May 1, 2014

Positivity: Breathtaking Picture of 21-Week Unborn Baby

Filed under: Health Care,Life-Based News,Marvels,Positivity — Tom @ 6:00 am

Here it is:


Here’s the story (paragraph breaks added by me):

(The) following picture began circulating in November. It should be “The Picture of the Year,” or perhaps, “Picture of the Decade.”

It won’t be. In fact, unless you obtained a copy of the U.S. paper w hich published it, you probably would never have seen it. The picture is that of a 21-week-old unborn baby named Samuel Alexander Armas, who is being operated on by surgeon named Joseph Bruner. The baby was diagnosed with spina bifida and would not survive if removed from his mother’s womb.

Little Samuel’s mother, Julie Armas, is an obstetrics nurse in Atlanta. She knew of Dr. Bruner’s remarkable surgical procedure. Practicing at Vanderbilt University Medical Center in Nashville, he performs these special operations while the baby is still in the womb.

During the procedure, the doctor removes the uterus via C-section and makes a small incision to operate on the baby. As Dr. Bruner completed the surgery on Samuel, the little guy reached his tiny, but fully developed hand through the incision and firmly grasped the surgeon’s finger. Dr. Bruner was reported as saying that when his finger was grasped, it was the most emotional moment of his life, and that for an instant during the procedure he was just frozen, totally immobile.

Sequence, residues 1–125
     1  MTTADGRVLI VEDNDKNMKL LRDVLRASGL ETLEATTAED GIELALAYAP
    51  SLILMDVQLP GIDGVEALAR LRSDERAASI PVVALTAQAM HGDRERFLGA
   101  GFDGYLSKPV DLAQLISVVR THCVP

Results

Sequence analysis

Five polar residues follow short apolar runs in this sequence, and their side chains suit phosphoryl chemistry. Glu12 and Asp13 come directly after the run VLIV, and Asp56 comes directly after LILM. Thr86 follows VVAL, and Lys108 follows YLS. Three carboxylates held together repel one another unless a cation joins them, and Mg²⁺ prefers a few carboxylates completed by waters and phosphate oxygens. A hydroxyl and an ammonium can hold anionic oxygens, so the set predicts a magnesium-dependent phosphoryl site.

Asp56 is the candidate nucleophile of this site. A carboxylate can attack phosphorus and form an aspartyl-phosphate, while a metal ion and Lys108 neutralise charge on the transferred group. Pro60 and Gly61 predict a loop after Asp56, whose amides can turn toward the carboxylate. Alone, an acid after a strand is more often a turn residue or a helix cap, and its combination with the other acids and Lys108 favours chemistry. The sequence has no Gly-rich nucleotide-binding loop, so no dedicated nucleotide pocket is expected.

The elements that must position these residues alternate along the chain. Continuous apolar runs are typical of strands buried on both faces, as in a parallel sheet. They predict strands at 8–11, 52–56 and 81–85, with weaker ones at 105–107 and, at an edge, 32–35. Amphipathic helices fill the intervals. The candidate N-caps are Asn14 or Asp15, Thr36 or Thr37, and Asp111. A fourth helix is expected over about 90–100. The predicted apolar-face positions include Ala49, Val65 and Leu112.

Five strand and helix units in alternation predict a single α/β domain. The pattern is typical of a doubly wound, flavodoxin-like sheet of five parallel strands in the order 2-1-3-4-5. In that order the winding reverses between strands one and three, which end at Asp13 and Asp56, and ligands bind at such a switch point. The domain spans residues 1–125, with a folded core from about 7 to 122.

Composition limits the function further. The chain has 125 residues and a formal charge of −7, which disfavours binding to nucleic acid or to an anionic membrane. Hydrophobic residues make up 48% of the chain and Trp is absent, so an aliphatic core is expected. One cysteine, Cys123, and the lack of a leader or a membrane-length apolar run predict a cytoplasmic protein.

The photograph captures this amazing event with perfect clarity. The editors titled the picture, “Hand of Hope.

Little Samuel’s mother said they “wept for days” when they saw the picture. She said, “The photo reminds us pregnancy isn’t about disability or an illness, it’s about a little person” Samuel was born in perfect health, the operation 100 percent successful.

Now see the actual picture, and it is awesome…incredible….and hey, pass it on! The world needs to see this one!

April 28, 2014

Positivity: Speed Reading — The Next Frontier in Email